Do long-term memories punch holes in the brain?

How the brain encodes and stores memories is one of the enduring mysteries of neuroscience. Memories are thought to be encoded by the strengthening of synaptic connections, and many researchers believe that they are retained by proteins at the synapses. And yet, while memories can persist over our entire lifetimes, these synaptic proteins are continuously being destroyed and replaced, over a time-frame of hours or days.

Several years ago, neuroscientist Roger Tsien of the University of California, San Diego, proposed that long-term memories are stored in patterns of holes created within a lattice-like structure called the perineuronal net. Sakina Palida, a graduate student in Tsien’s lab, presented evidence for such a ‘punch-card’ mechanism at the annual meeting of the Society for Neuroscience in Chicago earlier this month.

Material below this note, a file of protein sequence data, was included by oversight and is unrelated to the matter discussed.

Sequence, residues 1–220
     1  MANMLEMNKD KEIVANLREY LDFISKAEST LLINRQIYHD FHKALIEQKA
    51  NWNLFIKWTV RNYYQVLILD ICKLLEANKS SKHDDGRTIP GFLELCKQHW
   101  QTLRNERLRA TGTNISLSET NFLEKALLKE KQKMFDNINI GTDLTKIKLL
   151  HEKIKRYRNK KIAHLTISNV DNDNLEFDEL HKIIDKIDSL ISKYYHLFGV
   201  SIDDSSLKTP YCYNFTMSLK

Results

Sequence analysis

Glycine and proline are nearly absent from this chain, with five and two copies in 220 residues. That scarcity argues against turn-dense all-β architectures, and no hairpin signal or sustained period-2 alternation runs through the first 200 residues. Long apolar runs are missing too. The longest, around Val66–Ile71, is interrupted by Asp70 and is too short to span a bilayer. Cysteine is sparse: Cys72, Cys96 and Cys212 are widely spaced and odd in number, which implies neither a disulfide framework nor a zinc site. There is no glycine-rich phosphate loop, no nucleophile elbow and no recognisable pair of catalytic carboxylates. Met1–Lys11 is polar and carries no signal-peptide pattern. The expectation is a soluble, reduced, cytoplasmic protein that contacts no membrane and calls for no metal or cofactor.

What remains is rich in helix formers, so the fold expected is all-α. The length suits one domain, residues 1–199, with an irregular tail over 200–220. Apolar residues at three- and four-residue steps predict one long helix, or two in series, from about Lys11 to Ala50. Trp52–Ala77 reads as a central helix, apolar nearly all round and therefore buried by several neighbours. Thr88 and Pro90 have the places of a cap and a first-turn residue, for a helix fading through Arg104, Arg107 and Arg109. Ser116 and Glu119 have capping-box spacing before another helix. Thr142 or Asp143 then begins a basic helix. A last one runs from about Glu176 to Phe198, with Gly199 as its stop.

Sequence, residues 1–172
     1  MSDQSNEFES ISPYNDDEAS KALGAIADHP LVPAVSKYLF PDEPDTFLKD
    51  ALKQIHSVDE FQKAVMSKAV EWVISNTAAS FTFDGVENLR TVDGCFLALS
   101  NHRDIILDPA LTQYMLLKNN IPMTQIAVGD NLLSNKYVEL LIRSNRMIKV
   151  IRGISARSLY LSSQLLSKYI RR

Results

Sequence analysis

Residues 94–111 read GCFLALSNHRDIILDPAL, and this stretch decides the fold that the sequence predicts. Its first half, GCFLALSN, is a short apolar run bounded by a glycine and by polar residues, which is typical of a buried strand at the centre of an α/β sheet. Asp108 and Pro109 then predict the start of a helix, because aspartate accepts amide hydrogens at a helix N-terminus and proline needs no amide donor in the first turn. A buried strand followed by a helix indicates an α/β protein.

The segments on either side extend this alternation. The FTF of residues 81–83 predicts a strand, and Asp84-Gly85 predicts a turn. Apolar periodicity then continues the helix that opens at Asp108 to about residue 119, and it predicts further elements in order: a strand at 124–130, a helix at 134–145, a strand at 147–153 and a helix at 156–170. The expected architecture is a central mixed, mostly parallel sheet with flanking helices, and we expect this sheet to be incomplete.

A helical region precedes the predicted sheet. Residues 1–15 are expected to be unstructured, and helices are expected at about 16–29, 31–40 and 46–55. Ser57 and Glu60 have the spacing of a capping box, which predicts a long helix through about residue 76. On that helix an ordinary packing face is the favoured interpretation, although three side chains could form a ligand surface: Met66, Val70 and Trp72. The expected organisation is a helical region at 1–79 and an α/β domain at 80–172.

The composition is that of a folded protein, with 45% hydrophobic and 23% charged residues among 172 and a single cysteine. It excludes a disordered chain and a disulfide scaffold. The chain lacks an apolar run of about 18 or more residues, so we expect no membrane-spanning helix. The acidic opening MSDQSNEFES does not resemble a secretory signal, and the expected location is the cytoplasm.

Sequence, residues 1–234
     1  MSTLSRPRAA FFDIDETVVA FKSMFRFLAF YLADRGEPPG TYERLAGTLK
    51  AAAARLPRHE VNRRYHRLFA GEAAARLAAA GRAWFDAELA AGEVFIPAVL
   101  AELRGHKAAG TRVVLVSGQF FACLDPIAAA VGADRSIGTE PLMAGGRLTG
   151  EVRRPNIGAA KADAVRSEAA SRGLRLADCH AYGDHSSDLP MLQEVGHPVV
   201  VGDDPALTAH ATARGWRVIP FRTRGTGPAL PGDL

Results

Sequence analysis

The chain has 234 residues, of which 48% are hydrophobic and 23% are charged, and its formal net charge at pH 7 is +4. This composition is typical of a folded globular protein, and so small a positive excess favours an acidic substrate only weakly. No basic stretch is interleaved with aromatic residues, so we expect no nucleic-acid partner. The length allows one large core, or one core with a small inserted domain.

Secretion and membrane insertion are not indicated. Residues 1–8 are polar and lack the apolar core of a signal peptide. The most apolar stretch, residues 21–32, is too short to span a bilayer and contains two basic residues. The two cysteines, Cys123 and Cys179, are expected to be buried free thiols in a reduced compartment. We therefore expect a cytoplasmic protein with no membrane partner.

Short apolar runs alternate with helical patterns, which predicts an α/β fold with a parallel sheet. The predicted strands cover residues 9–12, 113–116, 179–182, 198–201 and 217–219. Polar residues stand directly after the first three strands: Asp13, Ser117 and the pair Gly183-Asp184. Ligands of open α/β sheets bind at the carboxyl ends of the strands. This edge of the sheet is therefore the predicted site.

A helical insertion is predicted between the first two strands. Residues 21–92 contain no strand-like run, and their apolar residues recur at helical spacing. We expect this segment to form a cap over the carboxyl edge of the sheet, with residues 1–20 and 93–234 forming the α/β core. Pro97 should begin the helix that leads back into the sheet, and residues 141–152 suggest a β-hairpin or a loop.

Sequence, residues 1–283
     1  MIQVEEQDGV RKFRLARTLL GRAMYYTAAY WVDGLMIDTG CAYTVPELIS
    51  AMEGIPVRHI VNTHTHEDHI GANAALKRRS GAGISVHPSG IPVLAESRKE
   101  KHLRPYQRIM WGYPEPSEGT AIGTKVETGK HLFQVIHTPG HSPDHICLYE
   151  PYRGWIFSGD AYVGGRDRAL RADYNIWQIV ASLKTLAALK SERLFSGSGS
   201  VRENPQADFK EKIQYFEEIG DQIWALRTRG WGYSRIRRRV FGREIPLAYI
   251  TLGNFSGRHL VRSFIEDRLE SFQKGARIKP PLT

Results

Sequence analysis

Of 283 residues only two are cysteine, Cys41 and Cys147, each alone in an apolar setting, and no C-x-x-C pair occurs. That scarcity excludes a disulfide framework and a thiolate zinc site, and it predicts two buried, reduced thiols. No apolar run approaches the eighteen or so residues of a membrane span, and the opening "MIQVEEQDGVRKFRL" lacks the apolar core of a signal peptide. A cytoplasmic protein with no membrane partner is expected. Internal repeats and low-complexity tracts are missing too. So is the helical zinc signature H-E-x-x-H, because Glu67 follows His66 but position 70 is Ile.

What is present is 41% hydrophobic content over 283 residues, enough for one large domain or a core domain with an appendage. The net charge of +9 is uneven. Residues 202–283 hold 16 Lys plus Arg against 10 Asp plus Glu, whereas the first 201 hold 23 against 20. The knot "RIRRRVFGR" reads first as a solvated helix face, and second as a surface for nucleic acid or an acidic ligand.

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Brain’s immune cells hyperactive in schizophrenia

The brain’s immune cells are hyperactive in people who are at risk of developing schizophrenia, as well as during the earliest stages of the disease, according to a new study by researchers at the MRC Clinical Sciences Centre in London. The findings, published today in the American Journal of Psychiatry, suggest that inflammatory processes play an important role in the development of the disease, and raise the possibility that it could be treated with drugs that block or reduce this cellular response.

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